From the cultivation of the cacao tree to the latest developments in the chocolate industry.
From the drink of royalty to the favorite of the masses.
“Theobroma cacao” is the cacao tree, which originally comes, like its name, from Central America. “Cacao” was in the vocabulary of the Olmec as long ago as 1000 BC.3,500 years ago they were the first to prepare the original form of drinking chocolate. Later, the Mayas and Aztecs adopted this culture.
Cocoa and Advanced Civilizations
The Dark Gold.
The long voyage to the cocoa beans.
In the year 1492, Christopher Columbus set off on his first voyage to find a western sea route to India. He was driven not only by a spirit of discovery but also, above all, by the riches of India and China – spices, silk and gold – which also attracted enough sponsors to back his ambitious plan.
Spain – Hernán Cortés
Conquest made easy.
The Spanish conquest of the American continent was the beginning of the end for the Aztecs. Led by Hernán Cortés, the Spanish allied with the Aztecs' enemy tribes, giving them the greater strength. Nonetheless, it took three years to overthrow the Aztec Empire and its ruler Motecuhzoma II, a process which left the capital (Tenochtitlán) and most of the native peoples' written records and documents almost fully destroyed.
How the cacao tree got its name.
The search for the name of the cacao tree starts out in Sweden, the birthplace of Carolus Linnaeus (the Latinised version of Carl von Linné), a scientist who studied medicine and invented what is known as the system of binomial nomenclature.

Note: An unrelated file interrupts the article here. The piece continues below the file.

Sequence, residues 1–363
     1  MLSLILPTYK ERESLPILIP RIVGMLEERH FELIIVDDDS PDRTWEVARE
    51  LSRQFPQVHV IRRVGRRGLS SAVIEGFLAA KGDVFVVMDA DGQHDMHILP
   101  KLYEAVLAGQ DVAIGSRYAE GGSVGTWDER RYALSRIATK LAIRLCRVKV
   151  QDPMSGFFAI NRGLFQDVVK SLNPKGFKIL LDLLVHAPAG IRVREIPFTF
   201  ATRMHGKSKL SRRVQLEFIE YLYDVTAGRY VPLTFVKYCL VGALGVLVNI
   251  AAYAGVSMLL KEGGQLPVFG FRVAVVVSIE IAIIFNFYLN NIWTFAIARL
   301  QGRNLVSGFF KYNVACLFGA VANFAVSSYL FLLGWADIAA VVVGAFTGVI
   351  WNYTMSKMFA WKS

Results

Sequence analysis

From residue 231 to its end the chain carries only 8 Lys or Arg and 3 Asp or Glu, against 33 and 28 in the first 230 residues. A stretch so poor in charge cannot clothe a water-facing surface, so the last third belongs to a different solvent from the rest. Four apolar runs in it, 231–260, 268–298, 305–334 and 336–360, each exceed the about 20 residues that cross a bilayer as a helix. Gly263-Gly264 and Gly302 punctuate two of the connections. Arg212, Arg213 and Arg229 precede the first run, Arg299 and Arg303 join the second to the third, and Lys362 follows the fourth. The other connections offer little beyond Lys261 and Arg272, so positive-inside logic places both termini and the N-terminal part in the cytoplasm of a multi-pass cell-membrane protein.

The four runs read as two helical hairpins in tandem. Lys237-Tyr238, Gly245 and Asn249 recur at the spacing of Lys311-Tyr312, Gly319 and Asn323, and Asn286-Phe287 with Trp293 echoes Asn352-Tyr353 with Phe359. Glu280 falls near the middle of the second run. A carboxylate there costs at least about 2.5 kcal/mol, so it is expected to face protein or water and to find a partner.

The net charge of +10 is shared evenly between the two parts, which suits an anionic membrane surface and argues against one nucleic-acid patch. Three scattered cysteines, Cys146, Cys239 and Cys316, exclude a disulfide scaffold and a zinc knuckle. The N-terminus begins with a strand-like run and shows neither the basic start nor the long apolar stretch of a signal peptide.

Chocolate in Germany
From medicine to children's confectionery.
It was only in the 17th century that chocolate arrived in what was then the Holy Roman Empire of the German Nation. As in the rest of Europe, it was of course initially reserved for the nobility and royalty.
The Chocolate Bar
From liquid to solid.
Today, when we talk of chocolate, we mean solid chocolate bars. That's not always been the case. For over 2,000 years, chocolate was mainly known as a drink. The native inhabitants of Central America already drank chocolate, although it tended to be bitter. At the end of the 16th century, the Spanish made the first alteration to their recipe by adding sugar.
Chocolate Production Over Time
From the campfire to the computer.
Chocolate production has always started with the cocoa beans being roasted. The native inhabitants of Central America roasted them in clay vessels over an open fire. The Spanish already used iron pans. In the 19th century, the first mechanized roasting machines were then brought in, with the beans heated over a brazier in a receptacle shaped like a drum or sphere.